Board to talk with Weseman
Superintendent 'frustrated' with salary issue
The Lawrence school board will meet behind closed doors again Tuesday in a continuing effort to persuade Supt. Randy Weseman to stay on the job.
Board members said Friday the meeting would give them a chance to talk face-to-face with Weseman, who has been superintendent since 2000.
Also Friday, Weseman spoke publicly for the first time since sending an e-mail to the board Wednesday saying he no longer wanted his job. The e-mail was sent the same day that the Journal-World printed a front-page listing of salaries for Weseman and other administrators in Lawrence and area school districts.
The e-mail read:
After careful consideration I have decided to ask that you begin the process of finding another superintendent. I will continue in my position for as long as it takes you to be comfortable with new leadership.
‘We support him’
The message prompted board members to meet Thursday evening in executive session to discuss the situation. The public and media are excluded from such sessions, and after the meeting, board members declined to comment.
On Friday, though, Weseman explained what he was feeling when he offered to resign.
“I was somewhat frustrated,” he said. “There is a common thread among people that would like to see the state pull back from providing adequate funding to schools. One way is to say there are too many administrators. Another way is to say they make too much money.”
Leni Salkind, board vice president, was in charge of scheduling Tuesday’s meeting, because school board president Austin Turney is out of the country.
“This meeting is going to give a chance to sit down with Randy and talk to him about how much we support what he does,” Salkind said. “Randy does a good job handling all of his responsibilities, and doing those without any assistance is not easy. We need to make sure we continue to show him how much we support him.”
There was some speculation Weseman’s e-mail was a response to the published salaries.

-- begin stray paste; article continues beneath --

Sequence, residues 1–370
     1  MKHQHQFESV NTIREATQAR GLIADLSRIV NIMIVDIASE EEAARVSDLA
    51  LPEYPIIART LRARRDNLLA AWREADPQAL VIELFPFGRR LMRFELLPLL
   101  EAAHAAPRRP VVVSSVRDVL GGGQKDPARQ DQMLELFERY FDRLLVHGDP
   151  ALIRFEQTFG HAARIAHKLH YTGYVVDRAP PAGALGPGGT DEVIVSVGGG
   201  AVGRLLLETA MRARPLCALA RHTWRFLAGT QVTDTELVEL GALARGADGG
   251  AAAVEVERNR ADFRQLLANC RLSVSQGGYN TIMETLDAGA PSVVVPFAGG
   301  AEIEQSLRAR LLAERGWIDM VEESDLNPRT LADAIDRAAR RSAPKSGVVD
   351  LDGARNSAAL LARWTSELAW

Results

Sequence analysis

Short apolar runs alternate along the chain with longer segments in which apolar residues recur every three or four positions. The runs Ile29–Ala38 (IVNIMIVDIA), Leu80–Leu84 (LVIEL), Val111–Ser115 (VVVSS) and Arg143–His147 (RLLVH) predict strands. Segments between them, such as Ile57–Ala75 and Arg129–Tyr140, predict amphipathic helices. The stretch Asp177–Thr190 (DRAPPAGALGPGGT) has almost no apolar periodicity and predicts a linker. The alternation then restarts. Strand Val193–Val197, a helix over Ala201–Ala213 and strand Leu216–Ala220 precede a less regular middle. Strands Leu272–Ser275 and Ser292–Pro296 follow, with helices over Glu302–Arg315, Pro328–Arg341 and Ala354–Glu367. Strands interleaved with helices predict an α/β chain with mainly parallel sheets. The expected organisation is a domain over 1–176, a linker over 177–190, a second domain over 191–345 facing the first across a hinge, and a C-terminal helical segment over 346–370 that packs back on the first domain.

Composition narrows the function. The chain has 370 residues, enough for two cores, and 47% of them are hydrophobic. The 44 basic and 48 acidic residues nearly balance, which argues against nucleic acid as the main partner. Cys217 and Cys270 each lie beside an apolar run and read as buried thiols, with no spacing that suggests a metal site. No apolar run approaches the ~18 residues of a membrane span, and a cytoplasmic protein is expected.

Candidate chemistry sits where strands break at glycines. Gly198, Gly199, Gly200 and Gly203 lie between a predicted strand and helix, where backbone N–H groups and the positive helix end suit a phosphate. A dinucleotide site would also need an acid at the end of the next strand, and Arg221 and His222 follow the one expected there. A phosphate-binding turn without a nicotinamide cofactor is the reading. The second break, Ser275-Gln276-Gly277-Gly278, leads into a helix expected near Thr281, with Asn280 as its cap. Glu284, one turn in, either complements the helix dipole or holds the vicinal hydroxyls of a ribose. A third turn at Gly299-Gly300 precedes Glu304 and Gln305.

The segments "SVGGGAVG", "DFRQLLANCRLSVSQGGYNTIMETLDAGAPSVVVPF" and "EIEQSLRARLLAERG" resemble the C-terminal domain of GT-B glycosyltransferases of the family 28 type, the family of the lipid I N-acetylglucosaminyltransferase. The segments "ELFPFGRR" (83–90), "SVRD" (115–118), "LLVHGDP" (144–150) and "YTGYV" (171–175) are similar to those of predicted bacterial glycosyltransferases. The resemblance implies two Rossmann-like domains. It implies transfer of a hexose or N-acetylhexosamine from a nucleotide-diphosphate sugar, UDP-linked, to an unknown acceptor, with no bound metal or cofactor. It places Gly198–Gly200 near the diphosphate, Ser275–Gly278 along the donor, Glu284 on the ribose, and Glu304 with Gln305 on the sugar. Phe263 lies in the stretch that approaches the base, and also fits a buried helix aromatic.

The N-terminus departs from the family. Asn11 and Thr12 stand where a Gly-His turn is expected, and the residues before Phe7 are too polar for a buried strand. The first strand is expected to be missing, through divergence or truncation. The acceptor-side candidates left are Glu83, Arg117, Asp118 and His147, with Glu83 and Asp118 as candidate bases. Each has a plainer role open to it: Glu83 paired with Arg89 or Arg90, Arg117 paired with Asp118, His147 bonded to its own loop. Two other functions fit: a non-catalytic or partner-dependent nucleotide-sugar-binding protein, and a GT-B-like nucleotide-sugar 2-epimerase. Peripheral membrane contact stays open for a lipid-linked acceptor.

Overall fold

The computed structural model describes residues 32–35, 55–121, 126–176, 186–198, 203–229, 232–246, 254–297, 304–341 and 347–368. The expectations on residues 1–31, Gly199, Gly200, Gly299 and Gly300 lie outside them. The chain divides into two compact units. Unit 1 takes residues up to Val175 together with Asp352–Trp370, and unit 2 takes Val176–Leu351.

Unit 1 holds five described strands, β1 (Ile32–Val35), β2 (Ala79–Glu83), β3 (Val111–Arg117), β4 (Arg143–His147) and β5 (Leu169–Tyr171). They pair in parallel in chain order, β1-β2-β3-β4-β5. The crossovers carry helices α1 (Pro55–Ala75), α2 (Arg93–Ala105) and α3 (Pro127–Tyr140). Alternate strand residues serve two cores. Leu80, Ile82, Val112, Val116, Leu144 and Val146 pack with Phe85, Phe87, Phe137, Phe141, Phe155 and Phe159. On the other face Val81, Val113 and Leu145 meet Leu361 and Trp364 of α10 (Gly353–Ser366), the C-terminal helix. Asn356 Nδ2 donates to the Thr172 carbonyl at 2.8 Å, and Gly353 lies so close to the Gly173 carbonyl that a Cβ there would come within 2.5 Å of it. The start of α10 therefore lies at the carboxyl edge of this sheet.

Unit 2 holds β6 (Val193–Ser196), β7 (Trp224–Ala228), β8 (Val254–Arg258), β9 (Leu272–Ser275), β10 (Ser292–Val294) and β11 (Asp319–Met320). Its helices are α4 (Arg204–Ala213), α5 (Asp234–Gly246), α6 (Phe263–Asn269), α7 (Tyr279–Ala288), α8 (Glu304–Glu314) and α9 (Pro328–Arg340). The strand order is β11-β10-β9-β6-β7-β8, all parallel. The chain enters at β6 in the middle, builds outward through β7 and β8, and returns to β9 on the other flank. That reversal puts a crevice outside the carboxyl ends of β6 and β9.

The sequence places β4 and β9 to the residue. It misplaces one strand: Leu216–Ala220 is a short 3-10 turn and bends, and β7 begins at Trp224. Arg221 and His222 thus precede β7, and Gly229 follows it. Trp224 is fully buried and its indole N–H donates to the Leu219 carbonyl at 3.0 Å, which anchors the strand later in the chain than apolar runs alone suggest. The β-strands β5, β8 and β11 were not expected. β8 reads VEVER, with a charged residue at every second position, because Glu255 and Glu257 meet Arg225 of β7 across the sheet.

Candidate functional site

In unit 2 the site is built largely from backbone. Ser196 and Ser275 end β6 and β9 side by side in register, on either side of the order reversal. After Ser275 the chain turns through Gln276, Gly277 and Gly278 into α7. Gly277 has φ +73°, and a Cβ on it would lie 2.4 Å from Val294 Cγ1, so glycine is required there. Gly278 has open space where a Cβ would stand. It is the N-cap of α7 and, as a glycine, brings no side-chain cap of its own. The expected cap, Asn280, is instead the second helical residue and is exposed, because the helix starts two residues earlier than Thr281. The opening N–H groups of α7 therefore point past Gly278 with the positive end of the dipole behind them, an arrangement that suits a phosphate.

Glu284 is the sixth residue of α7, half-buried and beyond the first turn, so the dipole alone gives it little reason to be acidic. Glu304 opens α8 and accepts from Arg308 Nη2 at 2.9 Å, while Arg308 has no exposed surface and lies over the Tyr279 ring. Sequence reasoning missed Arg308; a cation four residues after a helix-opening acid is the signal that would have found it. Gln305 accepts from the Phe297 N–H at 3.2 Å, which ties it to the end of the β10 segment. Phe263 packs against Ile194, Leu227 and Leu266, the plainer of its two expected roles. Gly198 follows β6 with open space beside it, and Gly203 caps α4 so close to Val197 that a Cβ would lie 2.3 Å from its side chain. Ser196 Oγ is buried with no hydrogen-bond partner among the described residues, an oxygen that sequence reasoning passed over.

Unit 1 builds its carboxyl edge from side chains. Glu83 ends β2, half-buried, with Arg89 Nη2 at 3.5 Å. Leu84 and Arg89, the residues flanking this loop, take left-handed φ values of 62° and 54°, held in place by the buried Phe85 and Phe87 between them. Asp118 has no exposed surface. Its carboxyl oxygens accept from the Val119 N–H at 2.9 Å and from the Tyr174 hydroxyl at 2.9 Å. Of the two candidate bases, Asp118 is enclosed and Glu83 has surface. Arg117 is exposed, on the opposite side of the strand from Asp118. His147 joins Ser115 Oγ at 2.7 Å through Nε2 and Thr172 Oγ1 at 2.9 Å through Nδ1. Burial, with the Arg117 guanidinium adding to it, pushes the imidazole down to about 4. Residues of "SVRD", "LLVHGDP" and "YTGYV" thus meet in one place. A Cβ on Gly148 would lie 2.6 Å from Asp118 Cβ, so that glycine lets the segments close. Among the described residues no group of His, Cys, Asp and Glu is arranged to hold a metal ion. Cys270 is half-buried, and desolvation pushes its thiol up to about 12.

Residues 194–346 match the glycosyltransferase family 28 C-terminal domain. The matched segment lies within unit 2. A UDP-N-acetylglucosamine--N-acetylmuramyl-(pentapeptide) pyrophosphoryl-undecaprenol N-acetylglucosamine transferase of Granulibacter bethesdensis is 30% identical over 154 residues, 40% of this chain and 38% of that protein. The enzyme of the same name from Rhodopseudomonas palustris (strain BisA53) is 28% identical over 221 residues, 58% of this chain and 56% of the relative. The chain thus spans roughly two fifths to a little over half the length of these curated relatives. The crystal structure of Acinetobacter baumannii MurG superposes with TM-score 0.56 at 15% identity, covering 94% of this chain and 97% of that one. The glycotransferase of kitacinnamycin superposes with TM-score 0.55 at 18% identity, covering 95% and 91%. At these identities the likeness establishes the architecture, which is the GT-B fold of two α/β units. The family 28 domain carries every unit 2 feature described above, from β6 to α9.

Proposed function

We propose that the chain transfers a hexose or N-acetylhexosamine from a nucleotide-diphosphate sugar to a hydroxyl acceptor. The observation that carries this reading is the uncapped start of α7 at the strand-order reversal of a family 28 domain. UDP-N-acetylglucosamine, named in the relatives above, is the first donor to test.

“I felt the article was disrespectful,” board member Rich Minder said. “I don’t care whether a person works part time at Wal-Mart or anywhere else, rubbing other people’s nose in how much others make is just not right.”
But Weseman said he was not upset or embarrassed about his salary being published. It wasn’t the first time his salary has been printed in the newspaper, he said.
Under state law, public school district employee compensation is a matter of public record.
The package in Wednesday’s newspaper listed salaries and explained a new state law requiring all school districts to provide to newspapers by Oct. 1 of each year lists of administrators’ names, their titles and pay.
“I think the Oct. 1 decision to publish salaries is completely political,” Weseman said. “People in the Legislature who don’t want to fund public schools just want to prove to the public that we are paid too much money to try to justify their actions.”
Outpouring of support
A comparison of the Lawrence district salaries with those paid administrators in other Kansas 6A school districts showed Weseman and fellow Lawrence administrators’ salaries were roughly in line with those of their counterparts. A story making that comparison appeared in Friday’s Journal-World.
Weseman said after seeing Friday’s newspaper and the show of support from the board he was more willing to stay in the job.
“I started my career here in Lawrence,” he said. “I just want to know that I have the support from the community to continue doing my job.”
And by Friday afternoon, Weseman said, he had received nearly 100 e-mails and 70 phone calls indicating support for his work and his administration.
Tuesday’s special meeting is set to begin at 6:30 p.m. at district headquarters, 110 McDonald Drive.